Posted by:13 March, 2012
My colleague on the senior management team seemed surprised, shocked even - “Do you mean to say you talk about me and members of my team during your meetings?” - as if this was slightly improper, unprofessional and indiscrete.
“Of course we talk about you and individuals in your team - don’t tell me you don’t talk about us”.
I don’t mean gossiping or moaning tactics, but if you’re responsible for support services like HR, Finance, IT, or Policy then you are a corporate messenger trying not to get shot. You are asking people to do things they don’t want to do - provide information (form filling), adopt fairer recruitment practises (further delays in post-filling), attend Health and Safety courses (waste of time), do their own data entry (what is admin for?), or respond to a press enquiry or complaint (justify their decision).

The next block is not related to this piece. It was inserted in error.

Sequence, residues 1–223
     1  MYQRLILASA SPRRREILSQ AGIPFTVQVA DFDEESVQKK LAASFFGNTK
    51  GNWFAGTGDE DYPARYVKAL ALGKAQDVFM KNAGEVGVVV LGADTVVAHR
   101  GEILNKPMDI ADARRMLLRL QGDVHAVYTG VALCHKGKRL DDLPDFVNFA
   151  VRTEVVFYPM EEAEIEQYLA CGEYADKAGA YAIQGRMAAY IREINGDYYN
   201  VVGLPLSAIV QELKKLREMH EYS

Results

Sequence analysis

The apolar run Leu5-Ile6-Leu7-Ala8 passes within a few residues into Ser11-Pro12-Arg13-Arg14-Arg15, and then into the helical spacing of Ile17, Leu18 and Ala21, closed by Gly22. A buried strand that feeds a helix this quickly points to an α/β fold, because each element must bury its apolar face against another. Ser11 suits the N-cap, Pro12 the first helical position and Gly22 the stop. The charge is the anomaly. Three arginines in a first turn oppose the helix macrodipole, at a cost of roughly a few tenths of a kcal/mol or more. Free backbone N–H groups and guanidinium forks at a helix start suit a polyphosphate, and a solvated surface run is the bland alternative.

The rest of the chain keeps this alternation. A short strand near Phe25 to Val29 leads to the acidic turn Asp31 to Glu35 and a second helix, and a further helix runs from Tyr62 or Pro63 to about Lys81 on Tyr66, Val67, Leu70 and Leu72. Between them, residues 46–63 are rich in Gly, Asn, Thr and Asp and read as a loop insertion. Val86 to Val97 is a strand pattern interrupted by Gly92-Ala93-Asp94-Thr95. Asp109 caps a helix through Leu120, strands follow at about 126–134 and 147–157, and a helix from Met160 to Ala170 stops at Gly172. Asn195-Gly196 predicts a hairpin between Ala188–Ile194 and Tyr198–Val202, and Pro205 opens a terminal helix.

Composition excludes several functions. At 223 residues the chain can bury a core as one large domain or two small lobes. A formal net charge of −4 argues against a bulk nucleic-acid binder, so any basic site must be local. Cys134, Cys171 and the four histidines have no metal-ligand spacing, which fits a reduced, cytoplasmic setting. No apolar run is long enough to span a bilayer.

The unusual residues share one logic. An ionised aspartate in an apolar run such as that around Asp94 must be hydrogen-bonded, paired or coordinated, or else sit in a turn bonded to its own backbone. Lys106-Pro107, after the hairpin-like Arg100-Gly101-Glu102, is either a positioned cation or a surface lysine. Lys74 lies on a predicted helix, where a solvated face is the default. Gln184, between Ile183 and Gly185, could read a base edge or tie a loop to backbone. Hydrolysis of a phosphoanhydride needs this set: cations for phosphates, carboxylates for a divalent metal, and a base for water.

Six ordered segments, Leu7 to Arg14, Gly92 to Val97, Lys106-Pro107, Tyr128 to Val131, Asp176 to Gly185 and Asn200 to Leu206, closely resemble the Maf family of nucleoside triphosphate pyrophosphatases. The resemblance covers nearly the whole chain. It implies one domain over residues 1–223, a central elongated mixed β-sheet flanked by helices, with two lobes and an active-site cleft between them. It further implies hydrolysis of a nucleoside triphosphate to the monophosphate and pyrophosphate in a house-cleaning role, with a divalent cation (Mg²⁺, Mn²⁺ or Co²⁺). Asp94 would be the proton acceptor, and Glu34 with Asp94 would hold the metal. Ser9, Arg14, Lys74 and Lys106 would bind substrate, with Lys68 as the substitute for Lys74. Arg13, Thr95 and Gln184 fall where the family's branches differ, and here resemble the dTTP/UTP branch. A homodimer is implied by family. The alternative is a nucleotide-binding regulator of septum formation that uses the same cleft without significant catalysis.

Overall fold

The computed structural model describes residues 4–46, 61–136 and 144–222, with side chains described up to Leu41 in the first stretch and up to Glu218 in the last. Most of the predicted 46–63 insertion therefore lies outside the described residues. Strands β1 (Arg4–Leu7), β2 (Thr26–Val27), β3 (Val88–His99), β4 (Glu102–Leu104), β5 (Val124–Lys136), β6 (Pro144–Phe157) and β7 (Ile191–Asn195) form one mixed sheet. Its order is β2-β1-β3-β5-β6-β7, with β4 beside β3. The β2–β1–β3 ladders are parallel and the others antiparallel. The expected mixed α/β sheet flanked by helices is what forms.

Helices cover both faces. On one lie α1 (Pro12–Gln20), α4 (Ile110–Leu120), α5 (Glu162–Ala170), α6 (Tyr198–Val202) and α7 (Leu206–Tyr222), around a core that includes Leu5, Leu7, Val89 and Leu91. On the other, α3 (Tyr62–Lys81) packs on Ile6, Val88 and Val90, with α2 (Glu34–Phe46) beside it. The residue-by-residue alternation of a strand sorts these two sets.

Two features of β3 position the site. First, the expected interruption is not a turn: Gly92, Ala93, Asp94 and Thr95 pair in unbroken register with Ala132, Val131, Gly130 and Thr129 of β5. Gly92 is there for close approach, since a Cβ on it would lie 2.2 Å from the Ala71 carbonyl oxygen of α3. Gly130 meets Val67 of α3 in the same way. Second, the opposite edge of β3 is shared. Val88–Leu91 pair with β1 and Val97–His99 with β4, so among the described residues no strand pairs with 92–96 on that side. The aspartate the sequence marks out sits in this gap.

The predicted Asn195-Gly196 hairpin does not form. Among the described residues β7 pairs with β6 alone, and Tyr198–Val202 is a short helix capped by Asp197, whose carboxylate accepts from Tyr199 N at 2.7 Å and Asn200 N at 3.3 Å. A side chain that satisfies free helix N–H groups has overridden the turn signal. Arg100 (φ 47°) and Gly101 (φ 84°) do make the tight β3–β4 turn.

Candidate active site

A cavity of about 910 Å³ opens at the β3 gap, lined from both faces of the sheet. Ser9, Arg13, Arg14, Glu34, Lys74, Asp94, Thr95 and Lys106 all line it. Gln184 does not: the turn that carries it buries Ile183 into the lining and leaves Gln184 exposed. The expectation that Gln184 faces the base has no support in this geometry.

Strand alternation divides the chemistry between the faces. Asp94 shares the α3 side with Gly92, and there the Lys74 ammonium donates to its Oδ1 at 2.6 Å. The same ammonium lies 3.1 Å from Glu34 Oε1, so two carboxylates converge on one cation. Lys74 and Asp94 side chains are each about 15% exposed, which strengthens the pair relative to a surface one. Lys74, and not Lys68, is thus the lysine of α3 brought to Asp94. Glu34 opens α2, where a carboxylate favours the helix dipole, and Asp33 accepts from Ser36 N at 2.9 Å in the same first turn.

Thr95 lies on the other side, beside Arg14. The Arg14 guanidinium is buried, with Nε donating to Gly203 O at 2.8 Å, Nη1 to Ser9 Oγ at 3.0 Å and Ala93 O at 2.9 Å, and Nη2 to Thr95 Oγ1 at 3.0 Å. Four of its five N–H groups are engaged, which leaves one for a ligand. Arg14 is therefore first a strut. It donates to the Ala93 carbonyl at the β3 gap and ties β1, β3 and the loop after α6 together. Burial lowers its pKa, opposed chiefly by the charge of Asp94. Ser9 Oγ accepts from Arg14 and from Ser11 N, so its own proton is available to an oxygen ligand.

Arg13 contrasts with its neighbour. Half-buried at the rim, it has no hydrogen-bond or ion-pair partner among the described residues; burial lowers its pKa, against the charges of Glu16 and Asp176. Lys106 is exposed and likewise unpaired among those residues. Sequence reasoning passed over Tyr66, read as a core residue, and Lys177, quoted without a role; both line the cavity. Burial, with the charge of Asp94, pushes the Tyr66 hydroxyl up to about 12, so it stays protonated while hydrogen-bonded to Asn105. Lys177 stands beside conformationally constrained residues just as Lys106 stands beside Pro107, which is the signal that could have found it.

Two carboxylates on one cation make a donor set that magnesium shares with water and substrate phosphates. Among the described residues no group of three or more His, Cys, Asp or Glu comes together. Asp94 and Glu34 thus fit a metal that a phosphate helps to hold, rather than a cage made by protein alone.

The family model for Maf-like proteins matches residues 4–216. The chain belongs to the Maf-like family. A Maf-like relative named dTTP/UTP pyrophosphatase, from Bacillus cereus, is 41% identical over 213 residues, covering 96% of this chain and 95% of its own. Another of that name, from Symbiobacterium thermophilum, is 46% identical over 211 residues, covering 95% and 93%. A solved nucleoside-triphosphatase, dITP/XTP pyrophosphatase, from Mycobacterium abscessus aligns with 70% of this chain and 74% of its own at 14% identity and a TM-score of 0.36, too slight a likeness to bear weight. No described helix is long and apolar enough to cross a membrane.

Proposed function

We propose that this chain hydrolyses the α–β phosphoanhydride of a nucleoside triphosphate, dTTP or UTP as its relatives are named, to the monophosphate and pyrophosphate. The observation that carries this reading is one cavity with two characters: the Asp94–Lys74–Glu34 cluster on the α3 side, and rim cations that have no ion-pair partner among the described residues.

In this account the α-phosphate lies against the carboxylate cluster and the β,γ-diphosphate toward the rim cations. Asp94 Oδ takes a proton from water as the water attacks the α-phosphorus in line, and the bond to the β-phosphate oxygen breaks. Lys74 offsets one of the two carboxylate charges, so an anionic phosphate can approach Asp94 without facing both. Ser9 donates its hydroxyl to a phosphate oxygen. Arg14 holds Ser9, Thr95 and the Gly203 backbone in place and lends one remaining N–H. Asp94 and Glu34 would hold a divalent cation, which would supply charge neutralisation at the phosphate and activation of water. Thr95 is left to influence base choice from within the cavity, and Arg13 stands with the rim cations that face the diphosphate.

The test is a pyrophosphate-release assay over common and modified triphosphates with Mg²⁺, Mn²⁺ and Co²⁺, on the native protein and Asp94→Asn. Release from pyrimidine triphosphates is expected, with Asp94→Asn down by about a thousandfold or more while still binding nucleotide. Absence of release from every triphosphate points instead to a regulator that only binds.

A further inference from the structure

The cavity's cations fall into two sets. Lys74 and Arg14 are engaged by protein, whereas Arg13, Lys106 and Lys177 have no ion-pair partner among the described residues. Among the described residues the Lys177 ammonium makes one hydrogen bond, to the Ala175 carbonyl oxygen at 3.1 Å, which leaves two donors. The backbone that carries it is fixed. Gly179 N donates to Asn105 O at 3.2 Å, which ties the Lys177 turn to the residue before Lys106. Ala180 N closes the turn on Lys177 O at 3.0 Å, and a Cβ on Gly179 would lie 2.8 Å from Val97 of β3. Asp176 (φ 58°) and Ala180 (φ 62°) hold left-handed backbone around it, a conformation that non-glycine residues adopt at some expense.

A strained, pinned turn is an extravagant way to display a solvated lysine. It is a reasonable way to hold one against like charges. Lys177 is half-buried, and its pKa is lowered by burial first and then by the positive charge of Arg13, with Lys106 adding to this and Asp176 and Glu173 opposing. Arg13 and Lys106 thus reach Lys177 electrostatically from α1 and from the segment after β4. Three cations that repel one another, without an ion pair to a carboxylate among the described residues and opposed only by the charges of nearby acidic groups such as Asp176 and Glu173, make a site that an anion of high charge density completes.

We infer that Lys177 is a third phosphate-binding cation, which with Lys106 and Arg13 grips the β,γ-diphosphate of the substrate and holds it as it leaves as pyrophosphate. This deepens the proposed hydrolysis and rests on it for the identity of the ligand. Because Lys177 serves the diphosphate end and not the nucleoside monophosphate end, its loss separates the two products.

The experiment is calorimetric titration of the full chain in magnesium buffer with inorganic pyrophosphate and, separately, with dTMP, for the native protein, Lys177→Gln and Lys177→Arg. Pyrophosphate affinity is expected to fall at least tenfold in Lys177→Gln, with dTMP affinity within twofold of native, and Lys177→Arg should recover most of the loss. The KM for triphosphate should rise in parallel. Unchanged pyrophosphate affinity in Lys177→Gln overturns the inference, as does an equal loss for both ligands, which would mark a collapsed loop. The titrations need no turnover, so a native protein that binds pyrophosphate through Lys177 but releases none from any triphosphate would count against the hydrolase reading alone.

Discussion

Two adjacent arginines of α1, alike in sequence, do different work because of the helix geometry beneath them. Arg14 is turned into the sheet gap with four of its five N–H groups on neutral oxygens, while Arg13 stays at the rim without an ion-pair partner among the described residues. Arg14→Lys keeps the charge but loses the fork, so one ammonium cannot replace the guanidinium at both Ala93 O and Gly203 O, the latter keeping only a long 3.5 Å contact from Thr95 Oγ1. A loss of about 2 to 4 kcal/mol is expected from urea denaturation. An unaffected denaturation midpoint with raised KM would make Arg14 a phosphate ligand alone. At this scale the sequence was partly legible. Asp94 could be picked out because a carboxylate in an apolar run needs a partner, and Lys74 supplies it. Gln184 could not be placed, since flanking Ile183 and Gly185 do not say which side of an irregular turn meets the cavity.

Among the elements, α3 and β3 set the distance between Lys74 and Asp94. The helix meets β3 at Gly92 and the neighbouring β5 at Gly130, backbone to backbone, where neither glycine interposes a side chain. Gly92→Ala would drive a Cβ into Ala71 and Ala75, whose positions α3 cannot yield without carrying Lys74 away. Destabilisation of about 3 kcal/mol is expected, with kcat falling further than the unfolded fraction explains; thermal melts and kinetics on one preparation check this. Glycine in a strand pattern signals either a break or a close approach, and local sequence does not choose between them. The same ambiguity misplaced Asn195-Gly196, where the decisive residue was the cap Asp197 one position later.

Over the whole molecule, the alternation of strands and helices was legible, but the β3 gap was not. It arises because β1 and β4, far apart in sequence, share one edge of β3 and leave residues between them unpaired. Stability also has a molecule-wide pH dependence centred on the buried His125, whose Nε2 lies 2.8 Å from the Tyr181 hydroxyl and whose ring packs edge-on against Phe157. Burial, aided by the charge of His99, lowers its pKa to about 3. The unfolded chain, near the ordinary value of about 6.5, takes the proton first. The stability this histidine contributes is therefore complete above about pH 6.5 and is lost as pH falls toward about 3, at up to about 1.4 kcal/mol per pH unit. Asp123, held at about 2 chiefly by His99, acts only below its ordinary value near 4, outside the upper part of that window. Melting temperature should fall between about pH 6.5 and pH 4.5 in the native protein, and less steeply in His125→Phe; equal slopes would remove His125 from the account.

At which point, someone always asks: “well how many staff do they have in HR?”, “what do the policy group do anyway?” and, ultimately, “if we need to save money, then why not start with this lot?”
So yes, we talk tactics. Who is the most vocal and why? How do we convince them that this is worth the effort? How can we make them more aware of what we do? What should we do differently so that they appreciate us more?
From The People Manager
Blair McPherson is a former local authority director and author of a number of management books, including Equipping Managers for an Uncertain Future and An Elephant in the Room. Follow him on Twitter: @blairmcpherson1